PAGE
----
Angeline Maronese, MD, ANZ at Rackspace Technology
While current global economic conditions have seen businesses more cost conscious than ever, few Australian businesses are scaling back on IT investment, instead most are committed to spending more on cloud technologies in particular. According to new research, 62% of Australian IT businesses are adopting a variety of approaches to adjust to the current economic climate, led by an increased focus on cloud projects to drive efficiencies.
Across all regions, leaders have identified cloud projects as the single most important factor in navigating the economic climate. As businesses assess spending and seek efficiencies during uncertain times, IT decision-makers are focusing on innovation projects to meet “tech-savvy” consumer expectations and to offer a differentiated user experience.
With cloud, businesses can leverage plug-and-play solutions that enable faster deployment of services through PaaS and SaaS services, providing flexibility and scalability to accommodate an increasing user or transaction base while delivering exceptional performance.
However, amid economic uncertainty, workforce reductions and rising cybersecurity threats, firms will need to find a solution to an ongoing scarcity of IT talent in a market where demand exceeds supply, especially in the key areas of cybersecurity, machine learning and analytics.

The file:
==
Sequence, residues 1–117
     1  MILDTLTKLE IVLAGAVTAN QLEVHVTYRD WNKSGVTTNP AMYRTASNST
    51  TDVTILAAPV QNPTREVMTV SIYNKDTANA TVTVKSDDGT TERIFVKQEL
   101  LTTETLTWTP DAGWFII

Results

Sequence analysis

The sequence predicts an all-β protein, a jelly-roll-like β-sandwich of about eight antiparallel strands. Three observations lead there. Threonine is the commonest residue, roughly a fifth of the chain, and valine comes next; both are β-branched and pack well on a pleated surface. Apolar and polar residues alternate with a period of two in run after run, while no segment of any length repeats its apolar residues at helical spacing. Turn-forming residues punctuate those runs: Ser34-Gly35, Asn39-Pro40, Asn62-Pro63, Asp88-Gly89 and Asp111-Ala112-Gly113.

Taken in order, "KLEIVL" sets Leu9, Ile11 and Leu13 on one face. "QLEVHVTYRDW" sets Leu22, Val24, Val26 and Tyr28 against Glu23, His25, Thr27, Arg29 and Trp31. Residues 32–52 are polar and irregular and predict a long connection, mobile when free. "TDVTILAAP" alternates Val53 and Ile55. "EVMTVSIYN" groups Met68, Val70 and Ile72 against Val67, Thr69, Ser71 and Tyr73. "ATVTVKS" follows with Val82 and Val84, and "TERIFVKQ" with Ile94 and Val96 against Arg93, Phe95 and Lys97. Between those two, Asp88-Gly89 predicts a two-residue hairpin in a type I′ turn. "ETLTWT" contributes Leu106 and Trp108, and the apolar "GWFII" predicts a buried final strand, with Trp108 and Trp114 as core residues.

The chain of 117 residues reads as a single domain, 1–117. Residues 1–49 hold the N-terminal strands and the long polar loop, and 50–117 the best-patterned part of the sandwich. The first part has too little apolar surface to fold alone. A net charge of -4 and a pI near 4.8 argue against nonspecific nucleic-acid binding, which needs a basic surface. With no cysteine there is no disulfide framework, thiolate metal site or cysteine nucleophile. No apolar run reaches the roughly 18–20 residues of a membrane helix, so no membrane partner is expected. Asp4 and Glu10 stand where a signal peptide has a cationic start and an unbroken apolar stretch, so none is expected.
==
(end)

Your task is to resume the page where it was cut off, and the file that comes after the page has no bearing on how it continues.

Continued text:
As businesses increasingly look to keep support and technology resources onshore, IT business leaders will need find new ways to bridge talent gaps, such as leveraging a strategic use of external resources. With new smarter sourcing standards to deliver support, these teams can act as a true extension of their customers’ business and their internal teams, freeing up time for workers to train in the in-demand skills crucial to becoming specialists.
Richard Gerdis, Vice President, APJ at LogicMonitor
2023 is going to be a time of reset and re-evaluation. The past couple of years have been turbulent for many organisations and as we enter a new year, the weight of a looming recession will cause them to look internally and optimise some of the solutions that were born out of necessity during the pandemic. As enterprises maintain complex hybrid cloud infrastructures, many will aim to gain greater control to reduce risk in the long term.
With that comes the need for visibility of cloud data to maximise workflow and gain cost insights, which will be crucial to balancing strict budgets in 2023. Next year, boosting business agility will be key. Adopting this tech will enable firms to cut operational costs by automating menial tasks while providing real-time data to eliminate performance bottlenecks.
Furthermore, with companies embracing digital transformation and the skills gap only expanding, IT teams have not had the chance to develop cloud skills at the pace required. Moving forward, we’ll see greater priority from organisations on nurturing talent internally and investment in training their workforce to satisfy the growing demand for cloud services.